Students and Staff Protest Cuts to University’s English Literature Department

Beatrice Ashton-Lelliott, PhD Student, shares her thoughts on the University of Portsmouth’s proposal to reduce the number of staff in the English Literature Department and what we can do to help support the staff and students. 

The majority of students currently studying English Literature at the University of Portsmouth would undoubtedly say that they chose this institution due to the passion, knowledge and welcoming research culture demonstrated by the department’s staff. As PhD students, we walk a fine line between teaching and researching as staff members, but remaining students ourselves with the benefit of unique supervisory teams. We were, therefore, just as heartbroken as the staff and just as shocked as the undergraduate students to hear the news that university management is considering reducing the current department by over half its staff members.

I chose this institution because one of the only people in the world who has the expertise to supervise my thesis is employed here, and every other PhD student in the Centre for Studies in Literature would say the same. The decisions being proposed appear not to take into account the nuances of literary studies and the wide range of specialisms and expertise provided by the staff here. English Literature at the University of Portsmouth has a sense of community and strength unlike anything I have encountered elsewhere, and to see this being jeopardised is incredibly frustrating – even more so for current undergraduates, who are left with so many questions surrounding how their courses will continue and the timing of this decision.

Many of the PhD students in English Literature currently are now in their final year, moving towards completion. The timing of this announcement adds even more stress onto an already extremely stressful time for many us (especially our supervisors), and undergraduates have echoed this in sharing the impact this is having on their wellbeing and overall student experience.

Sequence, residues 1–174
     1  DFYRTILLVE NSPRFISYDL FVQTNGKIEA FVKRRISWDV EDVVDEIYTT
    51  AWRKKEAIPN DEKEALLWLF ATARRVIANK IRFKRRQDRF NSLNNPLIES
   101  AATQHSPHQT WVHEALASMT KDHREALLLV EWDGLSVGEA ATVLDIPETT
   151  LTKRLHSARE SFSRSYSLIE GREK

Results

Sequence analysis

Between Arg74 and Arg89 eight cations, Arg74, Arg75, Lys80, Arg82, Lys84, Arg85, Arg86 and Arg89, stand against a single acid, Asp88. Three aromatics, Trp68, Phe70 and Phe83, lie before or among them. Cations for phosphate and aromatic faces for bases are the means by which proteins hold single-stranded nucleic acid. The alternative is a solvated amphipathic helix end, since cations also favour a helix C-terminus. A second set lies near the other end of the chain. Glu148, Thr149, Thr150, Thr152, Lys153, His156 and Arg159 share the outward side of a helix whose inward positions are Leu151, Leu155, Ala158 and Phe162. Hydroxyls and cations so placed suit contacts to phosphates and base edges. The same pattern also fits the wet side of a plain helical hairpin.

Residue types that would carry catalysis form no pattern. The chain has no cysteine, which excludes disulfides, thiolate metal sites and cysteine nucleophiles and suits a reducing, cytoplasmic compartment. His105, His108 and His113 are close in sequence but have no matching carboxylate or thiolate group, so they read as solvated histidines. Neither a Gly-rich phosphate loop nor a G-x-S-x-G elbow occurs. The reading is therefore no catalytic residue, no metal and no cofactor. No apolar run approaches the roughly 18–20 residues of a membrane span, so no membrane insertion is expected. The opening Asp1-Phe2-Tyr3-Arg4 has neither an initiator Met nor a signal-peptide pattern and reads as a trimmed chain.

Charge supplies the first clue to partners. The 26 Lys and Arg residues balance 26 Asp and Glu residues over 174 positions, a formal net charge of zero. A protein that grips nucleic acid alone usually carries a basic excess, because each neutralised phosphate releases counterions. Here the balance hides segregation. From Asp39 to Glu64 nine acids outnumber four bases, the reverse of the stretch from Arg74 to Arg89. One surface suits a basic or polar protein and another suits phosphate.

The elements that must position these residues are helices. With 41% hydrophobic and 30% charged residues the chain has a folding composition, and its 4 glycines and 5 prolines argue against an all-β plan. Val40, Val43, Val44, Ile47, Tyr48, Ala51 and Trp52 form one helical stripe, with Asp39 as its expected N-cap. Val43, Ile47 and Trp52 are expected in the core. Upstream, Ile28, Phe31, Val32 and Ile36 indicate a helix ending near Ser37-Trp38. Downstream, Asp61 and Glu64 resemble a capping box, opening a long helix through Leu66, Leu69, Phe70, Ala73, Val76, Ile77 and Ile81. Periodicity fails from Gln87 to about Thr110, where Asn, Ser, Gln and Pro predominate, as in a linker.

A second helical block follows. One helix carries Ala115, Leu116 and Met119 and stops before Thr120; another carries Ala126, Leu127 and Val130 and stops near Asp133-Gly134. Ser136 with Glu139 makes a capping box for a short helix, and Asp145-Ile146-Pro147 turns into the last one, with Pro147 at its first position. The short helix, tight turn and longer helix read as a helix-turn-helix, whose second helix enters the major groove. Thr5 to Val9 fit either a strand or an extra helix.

A degree in literature is highly valued by employers, arguably encouraging more transferable skills than any other degree. The humanities more generally help us to think critically and to understand others: two skills more valuable than ever today. In just the last day, we have seen an outpouring of support from other departments across the world, showing the international importance of the research being done in the Centre for Studies in Literature. To reduce an English Literature department in Portsmouth of all places – the birthplace of Charles Dickens and Neil Gaiman, home of H. G. Wells and Arthur Conan Doyle to name a few, is especially painful and sets an extremely dangerous precedent for the humanities everywhere.

I am so proud of the initiative being shown in particular by the undergraduate and MRes students, who are far more organised and unafraid to speak truth to power than many of us would have been at age 18 or in our early twenties. Please show your support for their futures and those of the incredible staff who work in English Literature by signing the petition (which is set to reach over 2500 signatures very soon) and attending the student-led protest this Friday 28th February in Guildhall Square starting at 11:30am

Image by ninocare from Pixabay.

Star & Crescent is Portsmouth’s only independent community news outlet. We don’t answer to shareholders and we don’t publish sponsored or promoted content – we answer to you.

Get involved or donate to help local independent media thrive, and be part of the conversation on Facebook and Twitter